Monday, June 18, 2007

Mortgage Payment Defaulting

The Irish Independent reports that late payments and bad debt rates are rising in the sub prime mortgage lending sector in the US. The Mortgage Bankers' Association, in its quarterly snapshot of the mortgage market released yesterday, reported that the percentage of payments that were 30 or more days past due for "sub-prime" adjustable-rate home mortgages jumped to 15.75pc in the January-to-March quarter. The percentage of sub-prime adjustable-rate mortgages that started the foreclosure process in the first quarter of this year climbed to 3.23pc.That was up from 2.70pc in the final quarter of 2006 and was the highest on record. The first quarter's increase in foreclosures was mostly driven by problems in California, Florida, Nevada and Arizona, said Duncan. Wow. I'm guessing (sic) that some of those people that are 30 days late, are about 25% likely to default on their mortgage. Wow. Many of the people that are caught in this trap were mis-sold from the get go. They were given the go ahead to buy properties they could never afford and teaser introductory rates. Given that the Irish paper also reports a doubling in the number of 100% Mortgages in the UK in an effort to bring first time buyers into the net, the underlying issue of affordability of the stock comes to the fore. Should you sell these products if the customer can't afford them? Who is doing the sanity & credit check here? This is a systems problem: sales executives were incentivised to sell to anybody. They were bad sales, and the companies were addicted to "bad profits". Poor credit management had its roots in poor sales processes, and bad marketing. Lenders are going to have to evolve the relationship with the at-risk-customer, re-invent the offer, and help them get to financial stability. If they do not, then the prices of the property will fall, speculators will have stood back as rental incomes fell in tandom, and the lender will be forced to sell the property for less than it was bought for. Some would say cut and cauterize. Why not get in front of the at-risk customer, and make an offer to pro-actively manage the problem, before the customer is labelled a defaulter, and the bank has bad debt on its books. Given that some people can now trade their good credit rating, (see Virtual Economics) why can't family and friends share their good credit rating to help out the one member of their Tribe that is trouble. Even getting a dig out on payments for the period that it takes to sell the house without before the sales process is "distressed", would deliver value. Sounds like an opportunity to me.

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4 comments:

Seamus McCauley said...

Many of the people that are caught in this trap were mis-sold from the get go. They were given the go ahead to buy properties they could never afford and teaser introductory rates.

Or, looked at another way, borrowers were allowed to use other people's money take a speculative and highly leveraged gamble that the property market would go up and interest rates stay flat, which they had no hope of repaying except in the event that their bet came off. Their main downside risk was to live in a nicer house that they could really afford while they waited to see whether they'd bet the right way.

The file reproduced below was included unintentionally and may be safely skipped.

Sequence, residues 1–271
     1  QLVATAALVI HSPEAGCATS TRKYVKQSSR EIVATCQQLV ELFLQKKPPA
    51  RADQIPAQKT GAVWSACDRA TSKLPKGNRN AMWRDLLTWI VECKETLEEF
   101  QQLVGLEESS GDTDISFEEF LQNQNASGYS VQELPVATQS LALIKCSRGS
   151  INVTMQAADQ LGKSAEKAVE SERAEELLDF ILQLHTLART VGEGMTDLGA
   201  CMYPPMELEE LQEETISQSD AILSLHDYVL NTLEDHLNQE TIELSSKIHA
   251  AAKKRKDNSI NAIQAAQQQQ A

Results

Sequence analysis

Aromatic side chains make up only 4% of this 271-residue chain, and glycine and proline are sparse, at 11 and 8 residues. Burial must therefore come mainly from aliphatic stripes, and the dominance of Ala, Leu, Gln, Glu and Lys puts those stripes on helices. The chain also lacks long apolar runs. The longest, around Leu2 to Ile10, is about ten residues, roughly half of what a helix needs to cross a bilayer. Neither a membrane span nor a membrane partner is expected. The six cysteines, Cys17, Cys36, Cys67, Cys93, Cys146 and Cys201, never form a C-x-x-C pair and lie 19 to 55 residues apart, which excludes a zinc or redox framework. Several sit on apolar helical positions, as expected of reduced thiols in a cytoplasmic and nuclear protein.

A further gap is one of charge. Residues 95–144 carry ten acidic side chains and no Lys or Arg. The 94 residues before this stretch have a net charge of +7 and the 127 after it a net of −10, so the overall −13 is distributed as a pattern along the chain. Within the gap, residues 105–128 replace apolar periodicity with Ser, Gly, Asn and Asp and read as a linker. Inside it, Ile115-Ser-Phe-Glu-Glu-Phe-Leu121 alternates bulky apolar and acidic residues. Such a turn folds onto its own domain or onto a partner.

It's rather odd that the banks should think it a good idea to lend money on this basis, but if they've been irresponsible it's to their shareholders. All they did to their customers was act with wild and unwarranted generosity.

Paul Sweeney said...

Excellent way of putting it. However, as a two way relationship the bank, in this instance, also wrecked the sub prime customers ability to EVER get more credit. And from a fund of funds point of view, the sub prime market was just a high risk high reward variant in their overall portfolio of risk. In a way I think that this market might be re-shapable if 2.o is brought to it. What if an entire extended family could officially share your risk in order to bring your risk profile down and your credit rating up? That way, more people get affordable mortgages, and banks get to spread the risk. WIth Geni, and LinkedIn, and Facebook, and Proper, Monk, IoweYou and other services, surely this is possible?

Seamus McCauley said...

the bank, in this instance, also wrecked the sub prime customers ability to EVER get more credit

Not really - the credit scoring system can be used by the banks however they like, as amply demonstrated by their willingness in this instance to lend to people whose scores screamed "don't do it".

What if an entire extended family could officially share your risk in order to bring your risk profile down and your credit rating up?

People can already get their parents to guarantee a mortgage, so this seems a simple enough next step. And in Japan they have generational mortgages with a redemption term of 70 or so years.

Risk sharing might be one of those things that only works if it doesn't really catch on though - if everyone's individual risk profiles are diluted amongst everyone else's the numbers become meaningless averages.

Paul Sweeney said...

Ok. Look at it this way. The parents are the only ones bearing the risk at the moment. What if it could be spread out to ALL the family. Yes parents put some of their risk out there, but others do not, and each part of risk the portion out can be scored differently, n'est pas? So as you put it in the comment above its just the capability of individuation. I believe that the credit companies can parse risk on the basis of your past history, the street you live on etc. So it goes back to a point you raised on your own blog: why can't I trade credit values in ways that allow me to gain value, and not solely the institution? If there is a mechanism to do this, and the cost of reaching and co-ordinating this market is low, then there is a business?

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